Claptons will probably be back tomorrow, but I'll just go ahead and tell -- the movie is unique because it includes a sexual relationship between a black male and a white female without that relationship being the entire focus of the story.
Think about it -- have you ever seen that anywhere else? The answer, I'm almost positive, is no you haven't. The rare black guy/white girl pairings you see in movies are movies where race relations is the key theme of the story. Which sort of takes some of the progressiveness away from it.
Minorities (of any kind) in film are almost never just another character. They're always carrying the flag of their identity. You can see how Rachel Getting Married subverts this -- Tunde is Rachel's fiance/husband, and nothing more. That is so unbelievably rare, and was a seriously risky choice by the filmmakers. Odd to figure, since he's ultimately not a terribly important character (the movie's not about Rachel's wedding, it's about Kim learning to forgive herself for killing her brother).
Can you think of any other movies where a minority (of any kind, really -- race, gender, sexual orientation, disability status) was simply a character and not forced to carry the flag of their identity? I really can't, except for the one major exception. Black people in film are all but inevitably either "the black guy" in the story, or they're in some Tyler Perry walled enclave (which is the same deal). I can think of one disabled actor who isn't always forced to be "the guy in the wheelchair," and that's Daryl Mitchell. Of course, he began his career able-bodied (he was paralyzed in a motorcycle accident at the age of 36) and it's far from a rule with even him.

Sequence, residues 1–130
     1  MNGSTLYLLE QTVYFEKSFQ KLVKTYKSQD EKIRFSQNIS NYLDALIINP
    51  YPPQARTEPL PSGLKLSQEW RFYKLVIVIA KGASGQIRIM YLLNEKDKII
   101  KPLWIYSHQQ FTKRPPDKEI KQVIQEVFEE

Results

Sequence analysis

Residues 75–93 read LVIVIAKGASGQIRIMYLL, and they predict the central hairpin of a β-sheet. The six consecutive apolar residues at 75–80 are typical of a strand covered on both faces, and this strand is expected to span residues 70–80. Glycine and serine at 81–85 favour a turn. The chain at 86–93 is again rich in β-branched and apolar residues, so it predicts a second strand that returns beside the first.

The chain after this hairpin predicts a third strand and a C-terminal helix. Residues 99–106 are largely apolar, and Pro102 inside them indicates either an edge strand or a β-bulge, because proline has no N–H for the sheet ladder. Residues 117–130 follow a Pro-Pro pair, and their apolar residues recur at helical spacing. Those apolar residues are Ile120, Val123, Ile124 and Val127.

The big exception to the race issue is Will Smith. Even among the great black actors we have currently -- Denzel Washington, Morgan Freeman, Samuel L Jackson, Forest Whitaker, Don Cheadle... -- Will Smith is the only one who is routinely getting roles not specifically written to be played by a black actor. So he, and perhaps he alone, is as frequently "just another character" as straight white men would be. But even he has never had a white wife in any of his films.
We think of ourselves as progressive, but if Will Smith and Monica Potter were a married couple in a movie, wouldn't that seem off somehow? Even though there are many thousands of couples that look just like that in real life.
What I'm (eventually) getting around to is how I'm trying to subvert this in my own screenwriting. It's not nearly as easy as it would seem, but I've developed a story that's getting pretty close to completion. It centers on a lesbian couple, but that is incidental and certainly not played for any direct effect. The story would work just as well if a man and a woman or two men were the central characters. The genre might best be described as a 'romantic epic.' The relationship itself is absolutely critical to the story, but the specific combination of gonads is not.
Do you think you would pay to see a movie like that?
Do you think this will ever be mainstream? And by that I mean not only movies like the one I'm writing, but also gay relationships (I'm a little extra aware of this specific point, for obvious reasons, but do take to heart the comments I made about racial and disability minorities too) existing in mainstream movies. Early in the movie S*W*A*T, an already-down-on-his-luck Colin Farrell gets dumped by Ashley Scott. The scene exists only to further kick Farrell's character down a few notches; Scott is not in any other parts of the movie. What if instead of Ashley Scott, it was Channing Tatum doing the dumping? Same exact story otherwise. Do you think that would ever happen?
This has kinda been on my mind for a couple days.